Ska Music Lessons Franklin MA

If you want to be rude, play everything on the upbeat. The basic building block of past and present ska is the accented and of each beat (Ex. 1). The tendency is to strum this apparently simple rhythm (often called the "clip") with upstrokes. But you get a fuller sound if you downstroke the upbeats because, with downstrokes, you hit the bigger strings first.

George Chapman
73 Stagecoach Road
Holliston, MA
Instruments
Banjo, Guitar, Stand Up Bass
Styles
Folk - Country - Bluegrass
Experience Levels
Beginner, Intermediate
Rate
$40
Years of Experience
30 Years

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Nicholas M.
(877) 231-8505
Sheridan St.
Jamaica Plain, MA
Subjects
Bass Guitar, Music Recording, Music Theory, Guitar
Ages Taught
10 to 99
Specialties
Since my own interest is in avant-garde, experimental, improvised music, my teaching emphasis is on developing the student's original voice and creative confidence outside the confines of any specific genre. On guitar, I'm comfortable with folk, rock, blues, and the basics of jazz playing, but my tendency is to try and identify in an abstract way what concepts or techniques will most serve the student's development, whether that be an increased understanding of notation, harmony, melody, some…
Education
New England Conservatory - Guitar, Improvisation - '09-'11 (not complete) University of Chicago - Philosophy - '02-'06 (Bachelor's degree received) Phillips Academy, Andover - Arts and Music - '99-'01 (High School diploma received)
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TakeLessons Music Teacher

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David C.
(877) 231-8505
Bayard St.
Allston, MA
Subjects
Songwriting, Music Theory, Bass Guitar, Guitar
Ages Taught
5 to 99
Specialties
Metal, Rock, Blues, Pop
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TakeLessons Music Teacher

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George Chapman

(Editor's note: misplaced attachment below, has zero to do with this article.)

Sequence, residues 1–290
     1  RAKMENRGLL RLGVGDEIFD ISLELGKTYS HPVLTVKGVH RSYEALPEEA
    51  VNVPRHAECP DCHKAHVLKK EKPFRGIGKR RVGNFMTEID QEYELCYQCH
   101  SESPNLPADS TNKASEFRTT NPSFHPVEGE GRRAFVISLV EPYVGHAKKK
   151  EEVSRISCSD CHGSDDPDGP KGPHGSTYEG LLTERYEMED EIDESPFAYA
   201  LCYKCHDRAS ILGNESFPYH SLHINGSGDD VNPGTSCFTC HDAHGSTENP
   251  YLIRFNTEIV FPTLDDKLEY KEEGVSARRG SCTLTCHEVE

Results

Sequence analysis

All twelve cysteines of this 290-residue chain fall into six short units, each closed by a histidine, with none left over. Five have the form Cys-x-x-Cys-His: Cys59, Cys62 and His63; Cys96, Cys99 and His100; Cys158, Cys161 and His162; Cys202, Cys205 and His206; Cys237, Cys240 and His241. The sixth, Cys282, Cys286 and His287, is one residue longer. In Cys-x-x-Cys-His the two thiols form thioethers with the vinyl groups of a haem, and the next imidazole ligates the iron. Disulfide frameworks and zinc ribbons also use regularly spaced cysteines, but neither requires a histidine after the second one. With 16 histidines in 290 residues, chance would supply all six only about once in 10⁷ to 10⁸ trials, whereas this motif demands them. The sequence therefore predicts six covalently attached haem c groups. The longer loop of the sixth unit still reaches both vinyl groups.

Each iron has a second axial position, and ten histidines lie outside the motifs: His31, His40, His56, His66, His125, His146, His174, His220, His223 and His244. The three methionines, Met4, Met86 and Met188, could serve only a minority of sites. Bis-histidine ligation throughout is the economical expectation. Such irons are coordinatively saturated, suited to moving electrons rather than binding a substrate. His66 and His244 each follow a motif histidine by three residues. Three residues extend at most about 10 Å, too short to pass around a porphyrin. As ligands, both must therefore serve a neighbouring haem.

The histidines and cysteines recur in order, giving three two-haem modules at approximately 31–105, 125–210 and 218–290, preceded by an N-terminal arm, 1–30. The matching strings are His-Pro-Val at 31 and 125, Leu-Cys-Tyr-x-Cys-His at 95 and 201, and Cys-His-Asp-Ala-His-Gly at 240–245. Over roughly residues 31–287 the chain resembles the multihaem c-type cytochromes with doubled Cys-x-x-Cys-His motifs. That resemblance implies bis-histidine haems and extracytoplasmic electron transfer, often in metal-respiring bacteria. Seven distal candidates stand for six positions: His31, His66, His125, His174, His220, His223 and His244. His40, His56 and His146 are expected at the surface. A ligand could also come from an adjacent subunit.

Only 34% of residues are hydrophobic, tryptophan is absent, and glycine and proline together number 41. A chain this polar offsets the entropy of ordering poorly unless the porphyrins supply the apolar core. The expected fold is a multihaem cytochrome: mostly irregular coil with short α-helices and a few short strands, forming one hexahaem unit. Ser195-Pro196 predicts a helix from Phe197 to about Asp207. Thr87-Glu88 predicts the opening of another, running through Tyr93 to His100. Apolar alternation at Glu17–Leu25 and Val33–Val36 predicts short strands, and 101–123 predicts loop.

73 Stagecoach Road
Holliston, MA
Instruments
Banjo, Guitar, Stand Up Bass
Styles
Folk - Country - Bluegrass
Experience Levels
Beginner, Intermediate
Rate
$40
Years of Experience
30 Years

Data Provided by:
Jonathan B.
(877) 231-8505
Terminal St
Charlestown, MA
Subjects
Guitar, Music Theory
Ages Taught
1 to 99
Specialties
Guitar: beg to inter Rock, jazz, folk, blues. Classical and flamenco can be taught at a beginner's level only.
Education
Brandeis University - Sociology/Music - August 2002 - May 2006 (Bachelor's degree received)
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TakeLessons Music Teacher

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Brad G.
(877) 231-8505
Lake Shore Drive
Wayland, MA
Subjects
Music Theory, Bass Guitar, Guitar, Music Performance, Songwriting, Music Recording
Ages Taught
1 to 99
Specialties
In terms of teaching guitar, my main instrument, I specialize in teaching improvisation and developing solos or lines over chord progressions. I also am versatile in early any style of music and can help any student play what they want to play fast because I understand anything they throw at me. I also excel at teaching jazz and bluegrass because of my extensive knowledge in theory and mandolin, respectively.
Education
Wayland High School - GED - 2000-2004 (High School diploma received) University of Massachusetts Lowell - Music, Sound Recording Technology - 9/06-5/09 (Bachelor's degree received)
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TakeLessons Music Teacher

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Ellison S.
(877) 231-8505
Marble Street,
Whitman, MA
Subjects
Music Theory, Guitar
Ages Taught
8 to 60
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I specialize in jazz and rock, but I also teach blues, funk, country, and much more.